women in travel
Women in travel
Issue Date: Dec 21, 2020
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Boring sucks!

Mandy Farmer has a vision that takes hotels out of the ordinary

ANN RUPPENSTEIN

When the pandemic hit, Mandy Farmer felt an immense amount of pressure not to be the one responsible for driving the family business that dates back to 1986 into the ground.

“I truly felt that I was going to be the one to lose the family’s business and that is an amazing amount of pressure to have on oneself. It was after realizing like yeah, I could lose the family business, realizing okay, if we were going down, how do we want to go down? It was from that point we all realized well, let’s go down with our head held high and let’s help as many people as we can,” Farmer, the CEO of BC-based Accent Inns and Hotel Zed, tells Canadian Travel Press. “So, this year has been emotional because we’ve been able to help so many people and to feel really proud of how we’ve reacted during this tough time.”

For example, Farmer sent $250 grocery gift certificates to all employees — including employees that were temporarily laid off in the initial aftermath of travel closures and restrictions.

“My reason for being on this earth is to be a good employer, so first and foremost I’m taking care of my team,” she says. “Second, it’s the fact that I’m a hotelier, I’m nothing without these people. They make us amazing and so as soon as the pandemic began I was really concerned for them, if we had laid off anyone I didn’t know when they’d get the CERB benefits because it was early days, so I just wanted to make sure that they knew I was there for them.”

Another big gesture saw the company hand out full year-end bonuses ahead of schedule.

“We gave them out in September and this is in a year when I’m guessing most bonuses will probably be cut in the hotel industry,” she says. “Again, I really wanted to acknowledge to people that the bonus isn’t necessarily because of profits, it’s because of how you showed up at work and the team showed up this year. They were amazing.”

These selfless traits undoubtedly showcase why Farmer was recently recognized with a RBC Canadian Women Entrepreneur Excellence Award, which celebrates the achievements of the most successful and impactful women entrepreneurs across the country.

“It’s probably the top entrepreneur award in Canada for women so to be chosen in the Excellence category was like oh my god!

I’m a small business technically, we’re just in British Columbia so to be honoured nationally was huge,” says Farmer, who counts her dad, Terry Farmer, as a mentor for instilling the sentiment that “you are nothing without your team.”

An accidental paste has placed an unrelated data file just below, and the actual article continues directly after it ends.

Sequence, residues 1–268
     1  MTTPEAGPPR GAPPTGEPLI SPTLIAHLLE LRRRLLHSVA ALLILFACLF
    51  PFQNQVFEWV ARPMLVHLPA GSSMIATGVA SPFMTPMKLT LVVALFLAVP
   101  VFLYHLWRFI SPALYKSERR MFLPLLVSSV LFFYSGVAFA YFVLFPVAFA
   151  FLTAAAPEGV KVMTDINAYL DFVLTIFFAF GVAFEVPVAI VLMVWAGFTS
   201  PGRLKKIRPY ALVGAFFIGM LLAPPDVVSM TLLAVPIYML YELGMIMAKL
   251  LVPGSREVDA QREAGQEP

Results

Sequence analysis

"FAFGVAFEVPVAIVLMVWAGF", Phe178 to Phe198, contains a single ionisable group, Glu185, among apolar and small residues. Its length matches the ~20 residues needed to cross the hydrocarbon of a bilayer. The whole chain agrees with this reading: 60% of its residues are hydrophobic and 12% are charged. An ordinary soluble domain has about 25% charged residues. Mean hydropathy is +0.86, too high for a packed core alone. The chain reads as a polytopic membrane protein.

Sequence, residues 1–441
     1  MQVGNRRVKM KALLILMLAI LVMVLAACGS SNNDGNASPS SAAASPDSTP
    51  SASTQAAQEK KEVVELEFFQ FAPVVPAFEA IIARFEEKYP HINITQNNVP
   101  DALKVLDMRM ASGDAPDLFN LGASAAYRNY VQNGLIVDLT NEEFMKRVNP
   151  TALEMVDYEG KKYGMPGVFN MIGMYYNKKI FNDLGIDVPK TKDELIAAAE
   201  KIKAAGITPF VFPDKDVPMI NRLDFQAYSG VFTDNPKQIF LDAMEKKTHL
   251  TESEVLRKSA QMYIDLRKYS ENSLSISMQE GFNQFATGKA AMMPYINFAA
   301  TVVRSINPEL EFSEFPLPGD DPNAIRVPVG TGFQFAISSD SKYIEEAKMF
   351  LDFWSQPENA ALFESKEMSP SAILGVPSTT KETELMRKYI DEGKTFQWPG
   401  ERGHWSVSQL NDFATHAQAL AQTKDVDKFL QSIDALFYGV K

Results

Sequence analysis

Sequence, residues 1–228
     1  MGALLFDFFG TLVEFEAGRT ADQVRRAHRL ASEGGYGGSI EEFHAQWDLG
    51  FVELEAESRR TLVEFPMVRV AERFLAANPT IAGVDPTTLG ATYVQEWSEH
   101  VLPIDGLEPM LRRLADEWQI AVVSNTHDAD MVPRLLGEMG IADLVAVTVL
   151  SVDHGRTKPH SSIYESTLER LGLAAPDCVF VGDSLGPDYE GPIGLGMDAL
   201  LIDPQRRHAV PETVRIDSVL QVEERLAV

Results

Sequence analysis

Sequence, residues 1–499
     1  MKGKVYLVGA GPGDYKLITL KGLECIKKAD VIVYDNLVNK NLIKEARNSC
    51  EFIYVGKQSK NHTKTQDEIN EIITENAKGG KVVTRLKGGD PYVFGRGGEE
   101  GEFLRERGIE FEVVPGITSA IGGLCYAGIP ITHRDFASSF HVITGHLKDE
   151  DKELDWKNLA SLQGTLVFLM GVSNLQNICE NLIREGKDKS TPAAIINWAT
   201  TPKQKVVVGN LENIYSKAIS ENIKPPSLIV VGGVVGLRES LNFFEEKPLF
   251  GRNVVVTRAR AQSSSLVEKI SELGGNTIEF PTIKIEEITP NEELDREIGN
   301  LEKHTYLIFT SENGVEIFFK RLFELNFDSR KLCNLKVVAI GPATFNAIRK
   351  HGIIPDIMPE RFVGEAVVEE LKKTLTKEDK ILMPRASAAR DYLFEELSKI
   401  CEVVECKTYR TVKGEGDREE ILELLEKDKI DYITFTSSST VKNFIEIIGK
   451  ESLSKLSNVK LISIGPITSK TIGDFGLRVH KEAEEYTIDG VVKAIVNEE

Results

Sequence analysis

Dawn of a new age

Farmer, who took the reins as president and CEO in 2008, says she had no intention of taking over the family business when she was younger.

“Our family business started in construction. My dad worked in construction and when I was about 12 he started the hotels. I did see a dramatic shift in him, like he did become a happier person so I am sure that was influential for me to see that, but my dad always said the family business would never be carried on,” she said. “So, I had no thought of ever following in his footsteps. As it happened, I did.”

Having worked in the hotel industry as her summer job, Farmer took a temporary sales position at the company in the ‘90s after university and “never left.”

“This was very much the days when you’d knock on people’s doors, you didn’t make an appointment, you did cold calling, you just walked in and tried to get the business. During that time, it was also the dawning of the internet and as a company I noticed that we were behind the times. Like it was hard for me to get an email address out of some of the seniors in the company, and the website… So, because it was my dad, it was his business, I was able to say to him, I think we’re missing an opportunity here, and it allowed me to do it. Even though I was just a sales manager, there were always these opportunities for me to work my way up in the company because if I saw something that was worth doing, I had a direct access to the president’s door and he would often say, okay, well, make it happen.”

Long story short, she worked her way up in the company by staying innovative and driving change.

“I kept doing that and eventually I would rise up, becoming the vice president and it was after my years in business that I realized how much I loved business and the hospitality industry and all that. So, I decided to go and get an executive MBA. And it was at that point that I think my dad and I really started talking about leadership, and taking over the family business,” she says. “Once I finished my MBA I did take over from him and become the CEO of the company and once as CEO I was able to be the founder of my own chain, Hotel Zed. And grow the business in that way.”